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Purified primitive progenitor/stem cells from bone marrow represent likely target populations for ex vivo expansion of stem cells to be used in high-dose chemotherapy or gene therapy. Whereas such primitive progenitor cells require combined stimulation by multiple cytokines for growth, some cytokines selectively promote viability rather than growth when acting individually. We investigated here for the first time the direct effects of cytokines on survival of primitive CD34+CD38- human bone marrow progenitor cells at the single-cell level. Interleukin-3 (IL-3) and the ligands for c-kit (KL) and flt3 (FL) had direct and selective viability-promoting effects on a small fraction of CD34+CD38- but not CD34+CD38+ progenitor cells. Interestingly, the recently cloned thrombopoietin (Tpo), although stimulating little growth, kept most CD34+CD38- progenitors viable after prolonged culture, maintaining twofold and fourfold more progenitors viable than KL and IL-3, respectively. A high fraction of these progenitors had a combined myeloid and erythroid differentiation potential, as well as capacity for prolonged production of progenitor cells under stroma-independent conditions. In addition, Tpo promoted viability of CD34+CD38- long-term culture-initiating cells, further supporting the idea that Tpo promotes viability of primitive human progenitor cells. Finally, Tpo suppressed apoptosis of CD34+CD38- cells in culture. Thus, the present studies show a novel effect of Tpo, implicating a potential role of this cytokine in maintaining quiescent primitive human progenitor cells viable.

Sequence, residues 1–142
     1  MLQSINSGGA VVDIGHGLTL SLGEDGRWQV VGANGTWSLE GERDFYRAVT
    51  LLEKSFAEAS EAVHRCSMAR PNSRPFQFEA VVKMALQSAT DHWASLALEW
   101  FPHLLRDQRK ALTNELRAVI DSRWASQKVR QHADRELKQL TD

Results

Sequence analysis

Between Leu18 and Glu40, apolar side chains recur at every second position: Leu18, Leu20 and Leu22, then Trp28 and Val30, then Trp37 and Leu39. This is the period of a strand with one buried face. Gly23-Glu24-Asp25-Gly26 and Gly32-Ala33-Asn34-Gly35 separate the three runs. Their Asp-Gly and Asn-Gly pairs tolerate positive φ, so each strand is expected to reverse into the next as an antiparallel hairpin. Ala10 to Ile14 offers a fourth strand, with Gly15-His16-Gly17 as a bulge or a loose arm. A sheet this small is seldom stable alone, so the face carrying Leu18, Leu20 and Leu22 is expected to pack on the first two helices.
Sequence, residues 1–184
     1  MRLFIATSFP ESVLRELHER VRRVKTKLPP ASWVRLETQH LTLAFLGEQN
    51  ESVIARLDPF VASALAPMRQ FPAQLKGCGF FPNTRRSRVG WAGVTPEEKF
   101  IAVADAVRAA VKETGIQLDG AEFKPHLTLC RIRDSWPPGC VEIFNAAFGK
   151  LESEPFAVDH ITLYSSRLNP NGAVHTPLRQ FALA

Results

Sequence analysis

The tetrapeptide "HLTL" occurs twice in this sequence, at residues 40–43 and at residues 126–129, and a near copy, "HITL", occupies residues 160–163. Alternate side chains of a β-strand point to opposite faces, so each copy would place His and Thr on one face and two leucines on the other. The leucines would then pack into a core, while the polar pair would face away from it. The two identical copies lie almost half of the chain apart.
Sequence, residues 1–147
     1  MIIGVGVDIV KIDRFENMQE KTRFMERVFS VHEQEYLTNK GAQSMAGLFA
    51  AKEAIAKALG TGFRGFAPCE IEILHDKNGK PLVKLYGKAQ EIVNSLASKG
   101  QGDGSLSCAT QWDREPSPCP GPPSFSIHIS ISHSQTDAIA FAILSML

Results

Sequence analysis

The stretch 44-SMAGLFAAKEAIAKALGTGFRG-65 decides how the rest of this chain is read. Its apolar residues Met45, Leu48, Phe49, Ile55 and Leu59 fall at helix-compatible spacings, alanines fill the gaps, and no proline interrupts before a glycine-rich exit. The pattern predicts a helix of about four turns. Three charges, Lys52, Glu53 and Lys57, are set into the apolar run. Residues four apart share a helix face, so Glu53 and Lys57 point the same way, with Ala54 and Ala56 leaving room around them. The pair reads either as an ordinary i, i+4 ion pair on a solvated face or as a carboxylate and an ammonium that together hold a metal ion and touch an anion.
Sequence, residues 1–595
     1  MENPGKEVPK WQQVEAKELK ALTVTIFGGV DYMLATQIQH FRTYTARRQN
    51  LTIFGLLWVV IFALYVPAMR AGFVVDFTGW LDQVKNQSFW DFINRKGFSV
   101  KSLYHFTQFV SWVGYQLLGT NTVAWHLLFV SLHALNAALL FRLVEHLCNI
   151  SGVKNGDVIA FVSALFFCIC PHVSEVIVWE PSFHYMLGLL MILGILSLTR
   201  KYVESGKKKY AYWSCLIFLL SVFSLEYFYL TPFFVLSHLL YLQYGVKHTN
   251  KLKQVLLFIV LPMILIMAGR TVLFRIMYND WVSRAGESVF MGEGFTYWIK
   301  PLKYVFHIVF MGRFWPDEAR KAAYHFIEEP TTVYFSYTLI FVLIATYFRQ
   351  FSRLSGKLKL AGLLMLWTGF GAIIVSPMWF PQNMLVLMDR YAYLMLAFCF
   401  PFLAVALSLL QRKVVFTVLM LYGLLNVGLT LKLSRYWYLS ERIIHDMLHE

Type

Journal article

Journal

Blood

Publication Date

15/09/1997

Volume

90

Pages

2282 - 2292

Keywords

ADP-ribosyl Cyclase, Antigens, CD, Antigens, CD34, Antigens, CD38, Antigens, Differentiation, Apoptosis, Bone Marrow Cells, Cell Survival, Cells, Cultured, Cytokines, Erythroid Precursor Cells, Erythropoiesis, Erythropoietin, Hematopoiesis, Hematopoietic Cell Growth Factors, Humans, Interleukin-3, Membrane Glycoproteins, Membrane Proteins, NAD+ Nucleosidase, Stem Cell Factor, Thrombopoietin